A walled garden must be every gardener's dream - sheltered from the elements that often take their toll on our own patches - especially after a heavy downfall - whose delphiniums aren't looking a little sorry for themselves after the recent soaking? A couple of weeks ago a good friend of mine, who happens to be a professional gardener, suggested a trip to Helmsley Walled Garden. We often meet up and do a walk together but it was looking like quite a hot day so a lovely garden with some shade - and nice café beckoned.
The garden originally provided fruit and vegetables for the Feversham household at Duncombe Park until just after World War One when it got leased out as a market garden. Sadly, it fell derelict over the years and it wasn't until 1994 that its restoration started thanks to the vision and sheer hard work of a local lady, Alison Ticehurst. Alison wanted the garden not only to be a beautiful site once again but also to be a place for horticultural therapy. Today supported volunteers learn horticultural skills here whilst at the same time benefiting from new skills and gaining confidence.
The garden now contains a spectacular long double herbaceous border planted with vibrant reds, yellow and oranges; a white garden; a clematis garden and orchards. Wherever you are the castle is always a looming presence - whether behind formal layouts....
...or as a backdrop to pretty wildflower meadows. Doesn't this look quintessentially English with its daisies and bright red poppies peering out from the long grass?
Even the cow parsley looks gorgeous rather than unruly especially when it's set off with a mowed path down the centre with an orchard either side.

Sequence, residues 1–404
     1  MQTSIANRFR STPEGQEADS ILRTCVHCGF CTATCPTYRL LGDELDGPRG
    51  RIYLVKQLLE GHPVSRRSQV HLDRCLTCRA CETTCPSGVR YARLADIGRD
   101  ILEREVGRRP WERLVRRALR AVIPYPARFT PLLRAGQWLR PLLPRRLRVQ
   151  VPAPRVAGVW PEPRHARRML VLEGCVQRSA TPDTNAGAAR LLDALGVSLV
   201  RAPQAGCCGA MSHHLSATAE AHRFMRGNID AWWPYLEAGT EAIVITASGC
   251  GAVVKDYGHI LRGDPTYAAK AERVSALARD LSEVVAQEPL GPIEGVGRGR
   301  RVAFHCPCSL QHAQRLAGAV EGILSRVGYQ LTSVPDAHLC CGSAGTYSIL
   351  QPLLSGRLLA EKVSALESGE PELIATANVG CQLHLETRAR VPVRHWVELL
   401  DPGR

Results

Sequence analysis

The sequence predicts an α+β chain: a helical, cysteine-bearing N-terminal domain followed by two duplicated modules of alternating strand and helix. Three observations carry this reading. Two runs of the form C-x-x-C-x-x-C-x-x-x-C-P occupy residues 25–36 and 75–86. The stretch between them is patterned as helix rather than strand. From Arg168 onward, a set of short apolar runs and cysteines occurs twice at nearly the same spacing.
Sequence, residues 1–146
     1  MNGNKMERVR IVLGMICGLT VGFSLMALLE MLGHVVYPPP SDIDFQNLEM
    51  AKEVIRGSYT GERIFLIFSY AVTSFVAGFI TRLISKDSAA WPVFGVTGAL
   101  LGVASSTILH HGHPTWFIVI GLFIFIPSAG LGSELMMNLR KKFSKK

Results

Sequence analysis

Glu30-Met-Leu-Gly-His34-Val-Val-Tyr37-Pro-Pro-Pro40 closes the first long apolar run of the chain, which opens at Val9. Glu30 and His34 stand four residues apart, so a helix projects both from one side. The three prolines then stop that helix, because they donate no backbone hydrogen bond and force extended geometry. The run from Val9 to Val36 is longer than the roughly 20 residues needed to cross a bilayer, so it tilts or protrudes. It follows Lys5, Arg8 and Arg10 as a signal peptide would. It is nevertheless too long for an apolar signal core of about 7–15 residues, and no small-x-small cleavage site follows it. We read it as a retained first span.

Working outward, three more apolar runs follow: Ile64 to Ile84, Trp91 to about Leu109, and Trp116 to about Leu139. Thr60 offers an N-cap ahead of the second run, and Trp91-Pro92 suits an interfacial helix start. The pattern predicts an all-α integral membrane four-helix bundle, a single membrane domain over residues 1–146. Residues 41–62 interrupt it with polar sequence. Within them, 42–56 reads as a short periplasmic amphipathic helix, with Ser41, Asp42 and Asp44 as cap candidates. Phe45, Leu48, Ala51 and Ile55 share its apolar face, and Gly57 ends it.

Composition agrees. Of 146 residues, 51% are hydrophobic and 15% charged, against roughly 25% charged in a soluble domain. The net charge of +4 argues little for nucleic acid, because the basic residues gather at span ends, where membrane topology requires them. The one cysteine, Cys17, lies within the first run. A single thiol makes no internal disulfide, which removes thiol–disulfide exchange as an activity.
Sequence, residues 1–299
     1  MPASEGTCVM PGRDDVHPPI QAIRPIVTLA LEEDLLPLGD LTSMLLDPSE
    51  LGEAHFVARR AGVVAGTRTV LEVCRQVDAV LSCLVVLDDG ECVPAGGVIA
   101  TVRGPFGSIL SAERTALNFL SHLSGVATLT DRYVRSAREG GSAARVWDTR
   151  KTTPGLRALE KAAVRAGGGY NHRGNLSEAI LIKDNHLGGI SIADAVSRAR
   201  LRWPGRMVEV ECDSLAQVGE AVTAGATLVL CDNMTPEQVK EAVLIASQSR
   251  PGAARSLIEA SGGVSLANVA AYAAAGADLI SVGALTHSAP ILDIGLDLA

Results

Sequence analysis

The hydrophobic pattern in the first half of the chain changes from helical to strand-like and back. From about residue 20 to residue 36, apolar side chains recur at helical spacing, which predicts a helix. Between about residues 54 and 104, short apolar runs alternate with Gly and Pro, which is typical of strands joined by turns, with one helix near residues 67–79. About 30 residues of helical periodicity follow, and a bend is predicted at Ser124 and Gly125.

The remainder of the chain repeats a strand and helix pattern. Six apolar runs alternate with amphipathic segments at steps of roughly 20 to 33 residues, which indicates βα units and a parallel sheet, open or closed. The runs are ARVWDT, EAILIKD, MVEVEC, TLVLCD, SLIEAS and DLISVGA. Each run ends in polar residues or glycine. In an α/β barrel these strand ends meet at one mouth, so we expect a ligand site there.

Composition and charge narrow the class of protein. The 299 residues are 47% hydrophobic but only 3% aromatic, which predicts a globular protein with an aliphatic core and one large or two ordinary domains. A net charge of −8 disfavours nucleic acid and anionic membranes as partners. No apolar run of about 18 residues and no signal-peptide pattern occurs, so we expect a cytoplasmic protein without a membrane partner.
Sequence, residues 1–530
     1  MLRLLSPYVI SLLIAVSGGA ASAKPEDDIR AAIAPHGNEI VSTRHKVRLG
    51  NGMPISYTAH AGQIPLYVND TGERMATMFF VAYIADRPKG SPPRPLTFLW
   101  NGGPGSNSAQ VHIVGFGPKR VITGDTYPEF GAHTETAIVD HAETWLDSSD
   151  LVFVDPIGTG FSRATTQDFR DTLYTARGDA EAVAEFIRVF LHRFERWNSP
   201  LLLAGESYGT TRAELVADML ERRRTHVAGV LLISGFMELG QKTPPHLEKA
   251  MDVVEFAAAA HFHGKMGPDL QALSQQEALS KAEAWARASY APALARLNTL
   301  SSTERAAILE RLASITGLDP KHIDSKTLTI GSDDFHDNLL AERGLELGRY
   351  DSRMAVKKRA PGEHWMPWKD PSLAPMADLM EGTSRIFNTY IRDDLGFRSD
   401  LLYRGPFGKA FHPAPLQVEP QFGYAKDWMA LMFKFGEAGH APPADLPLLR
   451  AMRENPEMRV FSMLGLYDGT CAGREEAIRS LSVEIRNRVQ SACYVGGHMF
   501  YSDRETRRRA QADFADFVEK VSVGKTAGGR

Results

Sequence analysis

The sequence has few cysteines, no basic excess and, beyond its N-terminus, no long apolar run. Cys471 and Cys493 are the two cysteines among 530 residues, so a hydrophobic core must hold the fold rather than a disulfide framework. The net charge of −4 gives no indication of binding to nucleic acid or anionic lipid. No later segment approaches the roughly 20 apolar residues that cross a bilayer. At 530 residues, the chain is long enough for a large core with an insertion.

The bright yellow laburnum arch and purple alliums dancing at either side look stunning at this time of year...it was an irresistible photograph to take.
Did you ever read The Secret Garden as a child? Well, this door really reminded me of this book. Wouldn't you have loved to find a hidden garden like Mary Lennox did in the story? I wonder what is behind this lovely old door.
As well as the gardens, the glasshouses have all been restored and house a fantastic array of plants including succulents and this impressive display of gourds.
Alongside the floral attractions and not forgetting some rather cute looking resident hens, there is also a wonderful cafe here. The Vine House Café is in a restored Victorian vinery where you can eat beneath the vines or in the courtyard.
The café serves mouth-watering cakes and gorgeous lunches including delicious salads. Mine contained strawberries and blueberries which I wouldn't have thought of adding. I did try this at home afterwards, serving up a mixed salad with grapes and blueberries - it took a bit of convincing my brood that the fruit hadn't got in there by accident - I have now moved over to the 'anything goes' mindset when putting together a salad thanks to my fruity salad encounter.
If you get a chance to visit, the garden is looking stunning at the moment with a blaze of colour in the borders; lovely wildflower meadows sprawling out beneath orchards of apple and pear trees as well as a plant centre offering plenty of inspiration to take home with you.